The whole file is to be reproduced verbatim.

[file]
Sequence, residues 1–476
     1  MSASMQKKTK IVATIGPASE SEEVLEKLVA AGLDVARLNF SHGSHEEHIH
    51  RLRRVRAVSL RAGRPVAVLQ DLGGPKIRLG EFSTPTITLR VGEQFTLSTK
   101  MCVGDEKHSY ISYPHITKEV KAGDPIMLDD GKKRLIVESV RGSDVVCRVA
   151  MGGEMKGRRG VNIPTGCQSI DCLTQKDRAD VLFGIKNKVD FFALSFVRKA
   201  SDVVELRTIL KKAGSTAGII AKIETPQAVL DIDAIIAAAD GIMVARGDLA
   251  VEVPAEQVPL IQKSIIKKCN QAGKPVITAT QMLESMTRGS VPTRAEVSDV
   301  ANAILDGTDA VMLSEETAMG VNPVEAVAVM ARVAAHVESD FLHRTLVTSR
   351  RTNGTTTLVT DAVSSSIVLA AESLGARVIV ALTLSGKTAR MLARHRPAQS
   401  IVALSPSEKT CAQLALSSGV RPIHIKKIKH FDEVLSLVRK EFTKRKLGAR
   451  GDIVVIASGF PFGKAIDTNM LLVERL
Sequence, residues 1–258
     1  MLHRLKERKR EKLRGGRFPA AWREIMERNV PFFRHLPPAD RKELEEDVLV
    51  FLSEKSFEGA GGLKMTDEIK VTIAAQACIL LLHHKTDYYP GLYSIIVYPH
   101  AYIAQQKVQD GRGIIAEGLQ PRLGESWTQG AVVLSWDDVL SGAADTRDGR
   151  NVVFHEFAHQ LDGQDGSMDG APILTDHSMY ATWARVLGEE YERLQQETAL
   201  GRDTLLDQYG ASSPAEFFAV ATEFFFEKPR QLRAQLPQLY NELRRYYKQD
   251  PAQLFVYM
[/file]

Sequence, residues 1–476
     1  MSASMQKKTK IVATIGPASE SEEVLEKLVA AGLDVARLNF SHGSHEEHIH
    51  RLRRVRAVSL RAGRPVAVLQ DLGGPKIRLG EFSTPTITLR VGEQFTLSTK
   101  MCVGDEKHSY ISYPHITKEV KAGDPIMLDD GKKRLIVESV RGSDVVCRVA
   151  MGGEMKGRRG VNIPTGCQSI DCLTQKDRAD VLFGIKNKVD FFALSFVRKA
   201  SDVVELRTIL KKAGSTAGII AKIETPQAVL DIDAIIAAAD GIMVARGDLA
   251  VEVPAEQVPL IQKSIIKKCN QAGKPVITAT QMLESMTRGS VPTRAEVSDV
   301  ANAILDGTDA VMLSEETAMG VNPVEAVAVM ARVAAHVESD FLHRTLVTSR
   351  RTNGTTTLVT DAVSSSIVLA AESLGARVIV ALTLSGKTAR MLARHRPAQS
   401  IVALSPSEKT CAQLALSSGV RPIHIKKIKH FDEVLSLVRK EFTKRKLGAR
   451  GDIVVIASGF PFGKAIDTNM LLVERL
Sequence, residues 1–258
     1  MLHRLKERKR EKLRGGRFPA AWREIMERNV PFFRHLPPAD RKELEEDVLV
    51  FLSEKSFEGA GGLKMTDEIK VTIAAQACIL LLHHKTDYYP GLYSIIVYPH
   101  AYIAQQKVQD GRGIIAEGLQ PRLGESWTQG AVVLSWDDVL SGAADTRDGR
   151  NVVFHEFAHQ LDGQDGSMDG APILTDHSMY ATWARVLGEE YERLQQETAL
   201  GRDTLLDQYG ASSPAEFFAV ATEFFFEKPR QLRAQLPQLY NELRRYYKQD
   251  PAQLFVYM